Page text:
procsql;

select * from employee;

quit;

II. Create Table from a Query Result

Many times, there are situations wherein we already have a structure of the table/view and we are trying to create a mirror table that is referring to columns of the earlier existing table. In such cases, we can use the same CREATE TABLE Statement and place it before the SELECT Statement. An additional benefit of using this approach of creating the table is that the data of the new table is derived on the basis of existing data from the parent table.

procsql;

createtable employee1 as

select * from employee

quit;

procsql;

select * from employee1;

quit;

III. Create Table Like an Existing Table

To create an empty table that has the same columns and attributes as an existing table, we use the LIKE clause while creating the table. One point to note is that an empty table is created using this method and no data is populated inside the table.

procsql;

createtable employee3 like employee;

quit;

Connecting to teradata using pass through

Procsql;
Connect to Teradata( USER= “ &user_id.” PASSWORD =” &dbpass”
tdpid =rchgrp2 MODE= ‘teardata’);
Create table work. Account_details as(Select
Account_ Number, Enroll_ Date, Sales, City
From Master_ acct_ details
Where Account_ Number is not null and Sales gt 40000
);
Disconnect from Teradata;
Quit;
Connecting to db2 using pass through:
Procsql;
Connect to db2(  DATABASE=CRD_ PROD USER= “ &user_id.”
PASSWORD=” &dbpass”);
Create table work. Account_details as(Select
Account_ Number, Enroll_ Date, Sales, City
From Master_ acct_ details
Where Account_ Number is not null and Sales gt 40000
);
Disconnect from db2;
Quit;

Other way using the library assignments:

Libname AM DB2 DATABASE= CARD_USA Schema=DDKAUTO

USER=”&user_ id.” PASSWORD= “&dbpass”;

Procsql;

Create table work. Account_details as(Select

Account_ Number, Enroll_ Date, Sales, City

From AM.Master_ acct_ details

Where Account_ Number is not null and Sales gt 40000);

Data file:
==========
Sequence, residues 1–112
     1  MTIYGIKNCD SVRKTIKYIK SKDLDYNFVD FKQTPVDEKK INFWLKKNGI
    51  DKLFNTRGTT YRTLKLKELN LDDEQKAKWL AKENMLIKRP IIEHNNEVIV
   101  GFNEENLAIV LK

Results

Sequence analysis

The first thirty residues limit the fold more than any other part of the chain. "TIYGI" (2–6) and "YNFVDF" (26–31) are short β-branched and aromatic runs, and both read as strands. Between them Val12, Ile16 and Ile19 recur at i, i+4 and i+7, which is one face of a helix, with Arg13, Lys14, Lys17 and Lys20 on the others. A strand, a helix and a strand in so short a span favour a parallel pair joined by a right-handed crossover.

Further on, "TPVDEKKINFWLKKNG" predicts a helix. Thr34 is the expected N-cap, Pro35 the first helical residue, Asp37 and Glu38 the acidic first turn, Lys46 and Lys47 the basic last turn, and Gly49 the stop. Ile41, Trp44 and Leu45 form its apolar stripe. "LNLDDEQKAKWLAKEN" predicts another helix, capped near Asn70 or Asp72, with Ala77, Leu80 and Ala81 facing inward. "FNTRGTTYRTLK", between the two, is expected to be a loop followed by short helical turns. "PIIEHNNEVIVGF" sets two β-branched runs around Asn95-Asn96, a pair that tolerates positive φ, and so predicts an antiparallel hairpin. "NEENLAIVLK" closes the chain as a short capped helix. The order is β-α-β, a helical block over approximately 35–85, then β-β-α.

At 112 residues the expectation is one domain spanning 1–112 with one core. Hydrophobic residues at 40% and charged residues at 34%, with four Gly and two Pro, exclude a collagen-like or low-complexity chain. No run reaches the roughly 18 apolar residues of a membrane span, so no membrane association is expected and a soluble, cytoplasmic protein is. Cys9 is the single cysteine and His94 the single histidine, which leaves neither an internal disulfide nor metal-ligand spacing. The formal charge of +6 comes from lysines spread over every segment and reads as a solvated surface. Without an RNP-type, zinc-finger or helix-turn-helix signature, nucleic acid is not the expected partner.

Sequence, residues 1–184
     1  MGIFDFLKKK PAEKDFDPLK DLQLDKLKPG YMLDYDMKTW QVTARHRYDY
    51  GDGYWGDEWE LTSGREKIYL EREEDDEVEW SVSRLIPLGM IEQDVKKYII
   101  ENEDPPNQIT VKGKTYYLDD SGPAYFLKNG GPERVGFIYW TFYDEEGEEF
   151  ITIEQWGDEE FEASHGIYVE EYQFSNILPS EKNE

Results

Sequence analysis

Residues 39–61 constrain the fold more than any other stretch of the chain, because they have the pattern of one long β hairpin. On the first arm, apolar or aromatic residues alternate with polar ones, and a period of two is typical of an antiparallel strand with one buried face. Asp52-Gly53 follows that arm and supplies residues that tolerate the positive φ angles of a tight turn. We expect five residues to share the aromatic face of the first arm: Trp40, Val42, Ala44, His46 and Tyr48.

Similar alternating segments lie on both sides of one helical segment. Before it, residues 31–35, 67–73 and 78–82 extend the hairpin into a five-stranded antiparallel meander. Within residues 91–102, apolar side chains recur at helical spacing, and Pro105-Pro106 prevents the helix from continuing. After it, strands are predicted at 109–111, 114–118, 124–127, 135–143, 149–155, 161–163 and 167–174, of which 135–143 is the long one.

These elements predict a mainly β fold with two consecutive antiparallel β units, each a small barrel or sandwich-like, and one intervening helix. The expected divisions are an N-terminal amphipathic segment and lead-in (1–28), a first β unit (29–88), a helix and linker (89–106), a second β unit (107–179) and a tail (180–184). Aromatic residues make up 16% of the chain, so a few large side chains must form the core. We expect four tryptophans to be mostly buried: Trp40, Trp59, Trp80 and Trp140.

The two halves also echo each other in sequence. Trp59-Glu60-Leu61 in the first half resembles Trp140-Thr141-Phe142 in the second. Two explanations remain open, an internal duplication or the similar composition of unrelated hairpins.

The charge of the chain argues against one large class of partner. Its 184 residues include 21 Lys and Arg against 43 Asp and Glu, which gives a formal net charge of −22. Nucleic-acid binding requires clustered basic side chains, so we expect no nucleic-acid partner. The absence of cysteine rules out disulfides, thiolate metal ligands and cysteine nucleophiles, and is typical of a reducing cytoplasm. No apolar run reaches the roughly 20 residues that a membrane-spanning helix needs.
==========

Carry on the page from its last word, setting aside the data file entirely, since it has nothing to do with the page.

Data test;

input id sal;

cards;

1 300

1 200

3 900

2 300

2 400

3 700

2 100

3 800

;

run;

proc sort data =test out=test1;

by id sal;

run;

proc sql;

create table test2(drop=number) as

select *, monotonic() as number from test1

group by id

having number=max(number);

quit;

data test;

input name$ weight;

cards;

a 25

b 30

c 35

d 40

;

run;

proc sql;

select name, weight

from test

union all

select 'Total', sum(weight)

from test;

quit;

The PAD option can be used to read the source data having the variable length records, so to read the variable length of records we can use the PAD option, the PAD option can be used with the infile

statement;

  example

data Test;
infile 'C:\Users\Anshu\Desktop\test.txt' PAD;
input @1name $6. @10 sex $1. @12 marks 3. @14 salary 8.;
run;
proc print data=Test;
run;

Macro is way of automating in sas programs. There are many ways to create macro. 

%macro get_var_dist (data_nm , categ_cut_off);
/* Taking list of variables in the dataset along with type*/
proc contents data=&data_nm. out=_content_;
run;
/* Note - how data_nm is getting resolved. */

/* Fiding number of variables to define loop */
proc sql noprint;
select count(*) into: nvars from _content_;
quit;
/* Note this is another way of defining macro variables */
%put "No of Variables is  " &nvars. ;
/* Note this can be a useful way to detect the value of macro variables.*/
%do i=1 %to &nvars. ;
data _null_;
set _content_;
if _n_ = &i. then do;
       call symput("variable", name);
       call symput("var_type",type);
end;
run;
/* Note -
  1: One more way of defining variables.
  Please note here information is being passed from general SAS dataset
  to SAS macros using call symput
  2: Please see how to run do a loop
*/
%put "Variable is  " &variable. ;
%put "Variable Type is  " &var_type. ;